The goal of this study was to quantitatively assess the magnitude of long-term groundwater depletion by developing the first comprehensive aquifer-based estimate of changes in groundwater storage using direct volumetric accounting. The results have value both for assessing freshwater resources and to help understand, assess, and reduce uncertainty in factors contributing to global SLR.
2. Previous Estimates
Margat et al. [2006, p. 19] estimate that global groundwater mining (i.e., depletion that is essentially nonrecoverable) occurs at a rate of 27 km3/yr (0.075 mm of SLR). Gornitz [2001, p. 103] estimates that groundwater mining can contribute 0.10 to 0.30 mm/yr to SLR. Wada et al.  estimate that the rate of global groundwater depletion is 283 km3/yr (∼0.8 ± 0.1 mm/yr of SLR), stating that this represents 25% of the currently reported rate of SLR of 3.1 mm/yr.
 The first two estimates are based on a limited number of direct aquifer evaluations. The estimate of Wada et al.  is derived using an indirect, flux-based water budget approach that assumes that groundwater depletion is equal to the difference between natural recharge and withdrawals—an approach that is not based on observations of groundwater conditions. Recharge values are derived from global-scale modeling designed to estimate “diffuse” recharge from climatic data and soil properties [Döll and Fiedler, 2008]. This methodology does not calculate recharge from surface-water bodies, nor adjust depletion estimates in accordance with Theis'  principles, which are applicable regardless of climate (Wada et al.  only allow this for humid climates). Even in the Nubian Aquifer system—the classical example of a fossil groundwater aquifer having no modern recharge—about 25% of the total withdrawals in 1998 were offset by (and derived from) reductions in natural discharge from the system (such as to springs and oases) [CEDARE, 2001]. The global modeling approach to estimating natural recharge also does not account for “non-natural” non-diffuse recharge, such as leakage from canals, sewers, or pipelines, or from artificial recharge—none of which depend on climate and soil characteristics inherent in their recharge estimation model. Hence, the flux-based water budget approach of Wada et al.  can substantially overestimate groundwater depletion.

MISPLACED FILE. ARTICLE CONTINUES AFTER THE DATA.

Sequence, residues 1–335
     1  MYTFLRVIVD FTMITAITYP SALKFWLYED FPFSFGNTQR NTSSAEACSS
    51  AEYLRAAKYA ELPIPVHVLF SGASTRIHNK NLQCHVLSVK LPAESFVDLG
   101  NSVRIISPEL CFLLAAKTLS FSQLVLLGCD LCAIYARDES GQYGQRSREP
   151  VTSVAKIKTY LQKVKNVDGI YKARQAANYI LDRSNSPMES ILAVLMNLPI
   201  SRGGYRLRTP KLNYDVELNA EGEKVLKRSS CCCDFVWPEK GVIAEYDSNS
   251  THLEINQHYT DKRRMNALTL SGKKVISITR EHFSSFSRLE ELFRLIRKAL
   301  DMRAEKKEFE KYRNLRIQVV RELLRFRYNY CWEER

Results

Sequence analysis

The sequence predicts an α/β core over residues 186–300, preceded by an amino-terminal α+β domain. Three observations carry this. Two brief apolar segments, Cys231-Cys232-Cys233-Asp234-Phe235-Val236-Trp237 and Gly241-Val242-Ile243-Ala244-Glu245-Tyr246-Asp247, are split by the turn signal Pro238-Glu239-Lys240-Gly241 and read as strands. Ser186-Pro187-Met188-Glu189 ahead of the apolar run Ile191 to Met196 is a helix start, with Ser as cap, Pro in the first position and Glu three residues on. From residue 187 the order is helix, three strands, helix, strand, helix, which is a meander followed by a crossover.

Problems with the approach of Wada et al.  are illustrated by examining their results for areas in the US where depletion data exist. Figure 2 of Wada et al.  shows highest rates of depletion in four areas in the US (red zones, rated at 300–1000 mm/yr of depletion), which appear to include the Los Angeles and San Diego areas of southern California. In the Los Angeles area, depletion is closely tracked by local agencies. These data and analyses (see auxiliary material) indicate that from 1961 to 2008 the cumulative change in storage was an increase of ∼0.20 km3, and in 2000 was a decrease of ∼0.04 km3/yr. This corresponds to a rate of depletion of less than 20 mm over the area of resolution of the map of Wada et al. . In the San Diego area, there is no large-scale development of groundwater, and no reported depletion problems of significance.
 The few available estimates of global groundwater depletion rates for the end of the 20th century vary by about an order of magnitude. The variability, weaknesses, and uncertainties in the previous estimates support the need for a more comprehensive analysis.
3. Sea-Level Rise